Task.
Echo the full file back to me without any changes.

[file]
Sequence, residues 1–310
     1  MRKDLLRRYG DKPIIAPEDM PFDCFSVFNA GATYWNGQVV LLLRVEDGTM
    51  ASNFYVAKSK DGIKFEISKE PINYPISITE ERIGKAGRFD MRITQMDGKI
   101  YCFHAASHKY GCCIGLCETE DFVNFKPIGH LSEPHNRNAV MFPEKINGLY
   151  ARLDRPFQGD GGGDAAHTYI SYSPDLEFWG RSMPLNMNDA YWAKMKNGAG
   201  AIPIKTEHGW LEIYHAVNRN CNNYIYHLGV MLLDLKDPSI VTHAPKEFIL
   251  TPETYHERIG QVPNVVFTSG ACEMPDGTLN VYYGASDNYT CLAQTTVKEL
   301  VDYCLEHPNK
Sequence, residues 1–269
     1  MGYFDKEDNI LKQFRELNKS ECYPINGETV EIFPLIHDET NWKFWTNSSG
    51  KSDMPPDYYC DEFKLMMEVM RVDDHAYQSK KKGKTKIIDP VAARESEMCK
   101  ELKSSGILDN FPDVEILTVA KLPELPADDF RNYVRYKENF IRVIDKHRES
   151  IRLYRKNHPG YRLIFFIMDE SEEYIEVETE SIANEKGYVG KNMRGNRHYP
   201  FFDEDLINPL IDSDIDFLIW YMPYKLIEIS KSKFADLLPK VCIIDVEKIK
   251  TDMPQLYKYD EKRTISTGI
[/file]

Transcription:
Sequence, residues 1–310
     1  MRKDLLRRYG DKPIIAPEDM PFDCFSVFNA GATYWNGQVV LLLRVEDGTM
    51  ASNFYVAKSK DGIKFEISKE PINYPISITE ERIGKAGRFD MRITQMDGKI
   101  YCFHAASHKY GCCIGLCETE DFVNFKPIGH LSEPHNRNAV MFPEKINGLY
   151  ARLDRPFQGD GGGDAAHTYI SYSPDLEFWG RSMPLNMNDA YWAKMKNGAG
   201  AIPIKTEHGW LEIYHAVNRN CNNYIYHLGV MLLDLKDPSI VTHAPKEFIL
   251  TPETYHERIG QVPNVVFTSG ACEMPDGTLN VYYGASDNYT CLAQTTVKEL
   301  VDYCLEHPNK
Sequence, residues 1–269
     1  MGYFDKEDNI LKQFRELNKS ECYPINGETV EIFPLIHDET NWKFWTNSSG
    51  KSDMPPDYYC DEFKLMMEVM RVDDHAYQSK KKGKTKIIDP VAARESEMCK
   101  ELKSSGILDN FPDVEILTVA KLPELPADDF RNYVRYKENF IRVIDKHRES
   151  IRLYRKNHPG YRLIFFIMDE SEEYIEVETE SIANEKGYVG KNMRGNRHYP
   201  FFDEDLINPL IDSDIDFLIW YMPYKLIEIS KSKFADLLPK VCIIDVEKIK
   251  TDMPQLYKYD EKRTISTGI